Mailvox: Obama vs science education

Scott Hatfield of Monkey Trials writes about the standards of science education:

I invite you to read the state science standards for high school biology in California. You’ll find those on pages 51-56 of this PDF file. It’s true that evolution is in there, but there is absolutely no requirement to teach ‘scientific history.’ I admit that I give one lecture on Mendel and his experiments when I teach genetics, and one lecture on Darwin’s voyage of the Beagle and how that (and the thought of others, like Malthus) influenced his thought.

Other than that, the other 178-days of instruction are pretty much the concepts and facts that you can see on the standards, which are in fact voluminous. I can’t speak for PZ and Dawkins, but I assure you that I care very much about the fact that there is less time for experiments and far too much time spent prepping for the standardized tests which, under NCLB, are used by the states and the fed to rate schools.

By the way, if your looking for a way to improve science ed, then please join me in rejecting the OBAMA administration proposal to tie teacher evaluations more closely to testing. A rare offer for you and I to unite in a criticism of the present administration!

Again, check out what we actually have to teach. There’s a lot to cram in 180 days, and to do it, we typically are sacrificing labs, especially the highly-instructive but time-consuming ones that take weeks to complete.

I have no problem whatsoever condemning the Obama administration proposal. Teacher evaluations and education standards are not Constitutional concerns of the U.S. federal government and Obama has no business attempting to dictate such things. Now, I’m certainly not against the use of standards in evaluating teachers; one reason for the drive towards objective standards is that the political power of the teachers unions is completely out of hand in some states. Given that testing can be an over-blunt club, I’m curious to know how Scott would prefer to see teachers evaluated. And while I don’t understand how opposing a proposal for a change can improve the current situation, I am happy to oppose it nonetheless.

Obviously, a science teacher whose black, inner-city, public school students score an average 80th percentile is probably a much better teacher than one whose Chinese, suburban, private school students average 85th percentile. And it’s also clear that straightforward teaching to the test will tend to restrict a teacher’s ability to focus on whatever aspects of his subject he thinks is important. But I’m sure Scott also realizes that for every good science teacher who wants to push his students and expose them to actually learning how to utilize the scientific method, there are several who would spend the entire school day haranguing their students on anything from Marxism and patriarchal oppression to Genesis and Scientology if given the opportunity.

I don’t have an answer myself. But I’m curious to know what Scott’s recommendation would be. As for “science history”, that’s often what is taught in lieu of science. Whether one considers the cult of Adam Smith or the cult of Charles Darwin, even a moment of reflection should suffice to determine that the Great Men of Science theme is actually a historical theme, not a scientific one. An astronomer has absolutely no need to know if it was Pythagoras or Copernicus who thought the Sun orbited the Earth in order to calculate the orbit of an extrasolar planet just as a biologist has absolutely no need to know if it was Darwin or Paley who articulated evolution by natural selection when he is figuring out the utility of junk DNA.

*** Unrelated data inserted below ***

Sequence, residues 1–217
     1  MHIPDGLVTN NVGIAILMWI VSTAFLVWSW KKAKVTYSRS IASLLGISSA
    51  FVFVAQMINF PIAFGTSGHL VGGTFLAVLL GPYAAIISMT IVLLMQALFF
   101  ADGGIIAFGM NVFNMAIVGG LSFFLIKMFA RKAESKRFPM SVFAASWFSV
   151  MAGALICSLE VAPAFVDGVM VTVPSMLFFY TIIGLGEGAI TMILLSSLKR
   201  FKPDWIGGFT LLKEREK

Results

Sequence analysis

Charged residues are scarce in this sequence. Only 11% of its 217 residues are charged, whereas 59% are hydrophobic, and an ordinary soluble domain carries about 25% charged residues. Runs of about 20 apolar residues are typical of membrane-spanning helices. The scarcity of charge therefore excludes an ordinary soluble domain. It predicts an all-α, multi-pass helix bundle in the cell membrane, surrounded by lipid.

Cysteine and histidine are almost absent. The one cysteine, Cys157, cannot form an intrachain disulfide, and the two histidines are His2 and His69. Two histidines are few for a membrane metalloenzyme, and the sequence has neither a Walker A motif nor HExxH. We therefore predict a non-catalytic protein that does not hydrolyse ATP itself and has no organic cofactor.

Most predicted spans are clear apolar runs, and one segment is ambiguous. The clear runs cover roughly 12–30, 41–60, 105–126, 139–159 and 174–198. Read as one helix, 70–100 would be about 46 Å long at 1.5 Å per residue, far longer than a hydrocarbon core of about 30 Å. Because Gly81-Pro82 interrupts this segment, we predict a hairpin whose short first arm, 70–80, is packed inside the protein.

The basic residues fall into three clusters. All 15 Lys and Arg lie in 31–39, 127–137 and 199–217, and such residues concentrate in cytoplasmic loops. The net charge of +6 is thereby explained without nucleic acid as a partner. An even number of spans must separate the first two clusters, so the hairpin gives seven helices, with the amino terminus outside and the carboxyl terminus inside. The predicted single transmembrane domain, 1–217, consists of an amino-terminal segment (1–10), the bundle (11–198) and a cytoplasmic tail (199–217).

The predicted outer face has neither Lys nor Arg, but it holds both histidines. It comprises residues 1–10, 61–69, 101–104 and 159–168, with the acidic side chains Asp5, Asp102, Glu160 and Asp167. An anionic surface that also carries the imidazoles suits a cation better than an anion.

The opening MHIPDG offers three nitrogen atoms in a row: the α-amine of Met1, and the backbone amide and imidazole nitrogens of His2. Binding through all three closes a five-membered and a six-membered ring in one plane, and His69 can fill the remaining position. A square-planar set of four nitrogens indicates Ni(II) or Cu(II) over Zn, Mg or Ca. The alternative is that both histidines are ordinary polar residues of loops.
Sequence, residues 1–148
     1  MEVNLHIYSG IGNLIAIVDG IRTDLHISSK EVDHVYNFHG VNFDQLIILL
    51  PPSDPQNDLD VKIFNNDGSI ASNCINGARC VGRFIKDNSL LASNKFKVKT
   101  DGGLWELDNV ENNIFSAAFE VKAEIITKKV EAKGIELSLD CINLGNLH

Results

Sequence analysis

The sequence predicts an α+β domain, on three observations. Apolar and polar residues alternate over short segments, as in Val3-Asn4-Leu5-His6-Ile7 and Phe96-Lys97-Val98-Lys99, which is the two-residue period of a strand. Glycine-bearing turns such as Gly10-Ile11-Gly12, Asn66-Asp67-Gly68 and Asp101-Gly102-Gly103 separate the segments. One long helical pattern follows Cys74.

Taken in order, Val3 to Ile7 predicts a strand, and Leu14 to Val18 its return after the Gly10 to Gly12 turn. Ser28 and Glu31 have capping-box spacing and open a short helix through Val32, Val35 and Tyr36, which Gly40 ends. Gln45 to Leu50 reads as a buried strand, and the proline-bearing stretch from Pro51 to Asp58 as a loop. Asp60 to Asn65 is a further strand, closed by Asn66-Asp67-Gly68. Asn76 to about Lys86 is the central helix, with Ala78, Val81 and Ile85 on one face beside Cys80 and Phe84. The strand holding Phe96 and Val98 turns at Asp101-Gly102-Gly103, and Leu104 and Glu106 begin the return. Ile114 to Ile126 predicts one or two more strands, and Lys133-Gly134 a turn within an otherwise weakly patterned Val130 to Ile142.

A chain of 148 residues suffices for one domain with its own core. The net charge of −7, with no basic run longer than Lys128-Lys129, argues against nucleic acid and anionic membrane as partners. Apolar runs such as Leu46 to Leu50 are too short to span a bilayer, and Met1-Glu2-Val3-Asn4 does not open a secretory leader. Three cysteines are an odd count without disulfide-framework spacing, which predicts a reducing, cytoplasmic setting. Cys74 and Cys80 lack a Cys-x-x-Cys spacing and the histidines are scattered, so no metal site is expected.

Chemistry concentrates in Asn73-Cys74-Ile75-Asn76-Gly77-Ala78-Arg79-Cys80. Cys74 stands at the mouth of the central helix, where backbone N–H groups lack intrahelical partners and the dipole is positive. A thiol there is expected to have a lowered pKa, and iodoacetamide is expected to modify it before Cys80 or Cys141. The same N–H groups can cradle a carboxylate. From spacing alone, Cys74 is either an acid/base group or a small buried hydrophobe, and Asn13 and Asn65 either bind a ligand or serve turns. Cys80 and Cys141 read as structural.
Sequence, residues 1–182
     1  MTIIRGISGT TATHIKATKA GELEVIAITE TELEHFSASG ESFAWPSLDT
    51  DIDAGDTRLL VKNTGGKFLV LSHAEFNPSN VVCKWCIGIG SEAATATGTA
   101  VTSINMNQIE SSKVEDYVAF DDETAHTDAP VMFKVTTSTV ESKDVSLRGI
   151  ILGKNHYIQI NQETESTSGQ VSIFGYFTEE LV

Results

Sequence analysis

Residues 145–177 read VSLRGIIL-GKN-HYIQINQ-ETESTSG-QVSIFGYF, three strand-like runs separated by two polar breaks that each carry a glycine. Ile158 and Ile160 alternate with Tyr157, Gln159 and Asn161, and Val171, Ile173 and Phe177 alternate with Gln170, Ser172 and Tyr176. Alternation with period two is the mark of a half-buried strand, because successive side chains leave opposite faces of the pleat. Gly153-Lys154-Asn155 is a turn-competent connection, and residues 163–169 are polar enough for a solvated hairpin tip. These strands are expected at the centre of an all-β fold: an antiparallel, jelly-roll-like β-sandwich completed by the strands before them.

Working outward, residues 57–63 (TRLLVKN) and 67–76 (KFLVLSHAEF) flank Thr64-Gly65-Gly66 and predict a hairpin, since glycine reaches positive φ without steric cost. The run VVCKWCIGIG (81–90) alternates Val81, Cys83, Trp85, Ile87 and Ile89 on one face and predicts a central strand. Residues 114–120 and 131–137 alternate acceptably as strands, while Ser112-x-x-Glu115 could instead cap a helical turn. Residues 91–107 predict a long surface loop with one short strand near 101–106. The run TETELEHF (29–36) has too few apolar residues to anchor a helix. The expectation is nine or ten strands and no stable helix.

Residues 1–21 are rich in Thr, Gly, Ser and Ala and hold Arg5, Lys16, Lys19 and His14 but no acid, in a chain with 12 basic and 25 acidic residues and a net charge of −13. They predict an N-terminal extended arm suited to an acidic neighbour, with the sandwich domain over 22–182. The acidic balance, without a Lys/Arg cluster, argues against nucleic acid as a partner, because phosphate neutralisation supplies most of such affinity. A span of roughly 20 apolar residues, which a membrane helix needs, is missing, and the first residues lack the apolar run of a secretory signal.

Don’t get me wrong, I think scientific history is tremendously interesting and knowledge of economic history is actually quite valuable in understanding how and why the present orthodoxy went so badly awry. The more unsettled a science is, the more important the historical knowledge will be. Reading Joseph Schumpeter’s mammoth History of Economic Thought played a major role in my critical revisitation of Ricardian free trade, then Friedmanite monetarism. But repeating anecdotes about finches and shoemakers should never be confused with actually calculating debt/GDP ratios or collecting butterflies.

For the record, I no more object to teaching evolution than I do to teaching Keynesian macroeconomics or any other extant idea. In other words, I insist on them being taught and being taught accurately. It is only when you have fully and correctly understood a concept that you can truly grasp the intrinsic and/or potential flaws in it. For example, I found this requirement to be more than a little amusing: “8. Evolution is the result of genetic changes that occur in constantly changing environments. As a basis for understanding this concept: a. Students know how natural selection determines the differential survival of groups of organisms.” I should, of course, be very interested to know how they know that, given that even Richard Dawkins has now admitted that the science is still unsettled on whether Darwin was fundamentally wrong about the very core of his so-called “dangerous idea”. The logic is at least superficially sound, but is the science? After all, that is precisely what still remains to be determined.

But to be clear, it must be understood that while I am an outright Keynesian Denier, a Marxian Denier, and a Friedmanite Denier, I am but a mere Darwinian Skeptic.